A Look On The Lighter Side: Forget greenery on nature walk with engineer



Nowadays even just taking a walk is fraught with danger. I’d rather remember some from better days.

When my oldest was 3 years old, all he cared about was cars. His father and I tried to carry on conversations about the sights we were strolling past — which was OK with our son as long as the sights were vehicular in nature.

“Truck, Mommy!”

“Look, Sweetheart, an oak tree! Do you remember the squirrel with the acorns in the park?”

“One car, Mommy! Two cars! One car and one truck!”

“And that’s a maple tree; You remember the seeds that came down like helicopters from the sky? Those were maple tree seeds.”

“Car under a cover!”

“Yes, that car is under a cover. Maybe they don’t like the helicopters landing on it.”

A few years later, he and his younger brother were a little more interested in natural phenomena:

“Ants! Let’s step on them!”

“A spider! Let’s crush it before it can run under that rock!”

“A butterfly! Watch me catch it!”

“Boys, leave those poor creatures alone. Look, here’s a sweet gum tree. See the prickly seed pods all over the ground? No, don’t try to grind one under the stroller wheels. Give me that!”

“I want to grind one, too! I want one, I want one!”

“And that one’s a sycamore – you can tell by the peeling bark…”

“It even looks sick!”

“You mean, because the bark is peeling off? Actually, it’s supposed to look like that. You know, it’s the only tree whose bark you can peel.”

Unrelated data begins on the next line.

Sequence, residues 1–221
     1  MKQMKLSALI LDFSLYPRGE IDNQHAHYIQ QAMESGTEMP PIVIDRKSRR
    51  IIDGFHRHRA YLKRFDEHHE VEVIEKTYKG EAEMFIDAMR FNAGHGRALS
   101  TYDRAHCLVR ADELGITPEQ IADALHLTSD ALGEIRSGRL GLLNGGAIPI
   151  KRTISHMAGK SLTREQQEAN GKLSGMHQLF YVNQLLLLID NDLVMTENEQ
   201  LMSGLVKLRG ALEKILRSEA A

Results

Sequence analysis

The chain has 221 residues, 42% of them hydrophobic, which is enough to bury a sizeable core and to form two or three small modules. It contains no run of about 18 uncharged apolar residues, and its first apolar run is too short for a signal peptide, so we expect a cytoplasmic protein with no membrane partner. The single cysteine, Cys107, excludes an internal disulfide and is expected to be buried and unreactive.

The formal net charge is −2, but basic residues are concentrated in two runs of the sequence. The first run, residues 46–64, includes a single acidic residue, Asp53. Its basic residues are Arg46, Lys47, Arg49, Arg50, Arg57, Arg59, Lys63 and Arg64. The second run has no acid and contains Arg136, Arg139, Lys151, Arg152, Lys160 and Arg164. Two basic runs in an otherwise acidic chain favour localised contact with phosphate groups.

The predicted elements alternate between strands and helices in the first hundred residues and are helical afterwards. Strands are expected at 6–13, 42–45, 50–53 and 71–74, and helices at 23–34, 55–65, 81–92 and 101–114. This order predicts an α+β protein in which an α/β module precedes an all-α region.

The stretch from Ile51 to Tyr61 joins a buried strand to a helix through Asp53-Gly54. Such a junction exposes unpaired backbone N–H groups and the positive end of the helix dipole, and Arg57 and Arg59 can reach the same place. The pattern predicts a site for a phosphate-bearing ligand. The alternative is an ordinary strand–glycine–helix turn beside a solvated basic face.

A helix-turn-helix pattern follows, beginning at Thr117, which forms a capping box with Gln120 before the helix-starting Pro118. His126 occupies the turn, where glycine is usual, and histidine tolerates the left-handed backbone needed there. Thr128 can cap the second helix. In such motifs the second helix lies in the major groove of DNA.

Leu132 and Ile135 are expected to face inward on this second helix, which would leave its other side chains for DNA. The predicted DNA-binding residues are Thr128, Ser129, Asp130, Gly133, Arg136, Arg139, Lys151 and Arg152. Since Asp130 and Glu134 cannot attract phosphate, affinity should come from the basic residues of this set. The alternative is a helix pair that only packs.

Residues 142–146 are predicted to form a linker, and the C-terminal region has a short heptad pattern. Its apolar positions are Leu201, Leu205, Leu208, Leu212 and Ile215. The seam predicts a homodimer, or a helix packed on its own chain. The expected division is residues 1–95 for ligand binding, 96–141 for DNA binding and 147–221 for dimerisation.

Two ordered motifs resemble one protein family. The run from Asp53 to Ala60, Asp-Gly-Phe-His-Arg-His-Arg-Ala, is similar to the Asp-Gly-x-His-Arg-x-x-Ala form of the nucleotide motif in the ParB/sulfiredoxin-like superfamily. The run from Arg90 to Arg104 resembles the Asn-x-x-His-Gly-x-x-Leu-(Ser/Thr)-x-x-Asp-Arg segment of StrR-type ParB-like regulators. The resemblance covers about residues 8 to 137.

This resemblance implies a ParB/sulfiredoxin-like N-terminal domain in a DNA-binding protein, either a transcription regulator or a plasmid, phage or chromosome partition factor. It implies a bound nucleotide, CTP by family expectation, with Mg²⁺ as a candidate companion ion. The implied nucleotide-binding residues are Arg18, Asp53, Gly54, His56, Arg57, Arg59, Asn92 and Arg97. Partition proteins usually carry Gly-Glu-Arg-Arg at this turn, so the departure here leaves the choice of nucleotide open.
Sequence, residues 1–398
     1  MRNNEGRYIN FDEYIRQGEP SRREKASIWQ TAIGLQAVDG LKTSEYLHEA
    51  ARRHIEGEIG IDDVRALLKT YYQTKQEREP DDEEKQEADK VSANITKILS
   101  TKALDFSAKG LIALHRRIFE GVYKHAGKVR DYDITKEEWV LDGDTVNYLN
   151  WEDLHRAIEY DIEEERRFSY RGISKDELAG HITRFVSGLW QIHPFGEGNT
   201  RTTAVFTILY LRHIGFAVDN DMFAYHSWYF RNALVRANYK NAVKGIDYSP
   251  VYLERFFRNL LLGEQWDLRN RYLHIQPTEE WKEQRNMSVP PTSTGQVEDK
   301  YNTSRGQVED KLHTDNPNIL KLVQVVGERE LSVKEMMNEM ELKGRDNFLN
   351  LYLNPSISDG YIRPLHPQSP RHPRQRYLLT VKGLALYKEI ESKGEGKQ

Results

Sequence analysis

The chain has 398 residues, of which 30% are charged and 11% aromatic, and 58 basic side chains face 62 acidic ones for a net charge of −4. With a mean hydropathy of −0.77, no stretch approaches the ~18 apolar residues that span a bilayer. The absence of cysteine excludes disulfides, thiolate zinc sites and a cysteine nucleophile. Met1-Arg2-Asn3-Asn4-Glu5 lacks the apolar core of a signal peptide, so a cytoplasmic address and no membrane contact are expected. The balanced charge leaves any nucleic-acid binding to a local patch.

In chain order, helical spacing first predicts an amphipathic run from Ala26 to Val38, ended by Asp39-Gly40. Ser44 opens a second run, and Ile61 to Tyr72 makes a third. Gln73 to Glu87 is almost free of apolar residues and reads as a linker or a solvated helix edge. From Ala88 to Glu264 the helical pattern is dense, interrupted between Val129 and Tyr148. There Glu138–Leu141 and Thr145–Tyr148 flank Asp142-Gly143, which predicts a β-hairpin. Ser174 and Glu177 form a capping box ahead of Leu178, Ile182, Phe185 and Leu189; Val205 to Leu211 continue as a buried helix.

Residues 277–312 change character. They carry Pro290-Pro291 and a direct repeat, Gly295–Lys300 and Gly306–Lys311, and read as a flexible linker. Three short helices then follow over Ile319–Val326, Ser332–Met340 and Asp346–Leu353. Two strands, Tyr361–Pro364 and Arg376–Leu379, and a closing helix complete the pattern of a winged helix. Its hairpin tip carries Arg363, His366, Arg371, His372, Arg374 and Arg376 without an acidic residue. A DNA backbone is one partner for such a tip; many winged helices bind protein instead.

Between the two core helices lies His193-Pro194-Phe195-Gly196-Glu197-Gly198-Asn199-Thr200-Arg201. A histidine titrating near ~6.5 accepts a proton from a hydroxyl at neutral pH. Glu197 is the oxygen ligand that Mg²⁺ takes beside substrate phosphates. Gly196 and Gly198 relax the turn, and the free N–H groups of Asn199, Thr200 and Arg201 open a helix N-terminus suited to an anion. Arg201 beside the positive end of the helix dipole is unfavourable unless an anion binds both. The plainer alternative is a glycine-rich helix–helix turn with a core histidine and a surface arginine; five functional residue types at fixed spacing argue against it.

“What about that paperbark tree you showed us at Grandma’s house? You peeled that one, too.”

“You mean paper birch, and you’re right, I did peel it – OK, there are only two trees you can peel. But hey — not that much! Let’s look for more trees. That’s a Japanese maple…”

“That’s odd,” said my spouse.

“No, they grow all over the place here.”

“I mean it’s odd that they’re marking all the sewage lines when they’ve just finished re-paving this whole street. See? The blue spray-paint shows where the water main runs, the yellow is the natural gas, the green is the sewer. I wonder what they’re planning?”

“Sweetheart, this is supposed to be a nature walk for the kids. So could you please pick out something natural to show them?”

“Sewage is natural – OK, OK. Look, boys, see how the sidewalk has been pushed up here? What do you think did that?”

“Oh, oh, I know, Daddy. Tree roots?”

“That’s a very good guess, but actually it was a backhoe trying to fix something else.”

A little farther on I tried again. “What do you think that one is – a spruce tree? Or a fir?”

“A tree made of fur? That’s silly, Mommy!”

“No, I mean a kind of evergreen – what do you think, dear?”

“I think they’re putting in the optical cable sooner than they said. See those boxes up there? It looks like they’ve been going around changing them.”

“But what do you think about that tree? Do you think it’s a spruce?”

“I think it’s going to need trimming, it’s getting too close to the power lines. Hmm…three phases here, that’s quite unusual for a residential neighborhood. It’s coming across the street in this direction, see that’s the step-down transformer. I wonder where it’s coming from?”

So we followed the lines back to the power plant — which, we learned, was also where the snowplow trucks were parked. It wasn’t a conventional nature walk, but it did get us out of the house. And if we noticed things that James Audubon wouldn’t have sketched, I’m sure it’s only because he didn’t have the good fortune to be married to an engineer.


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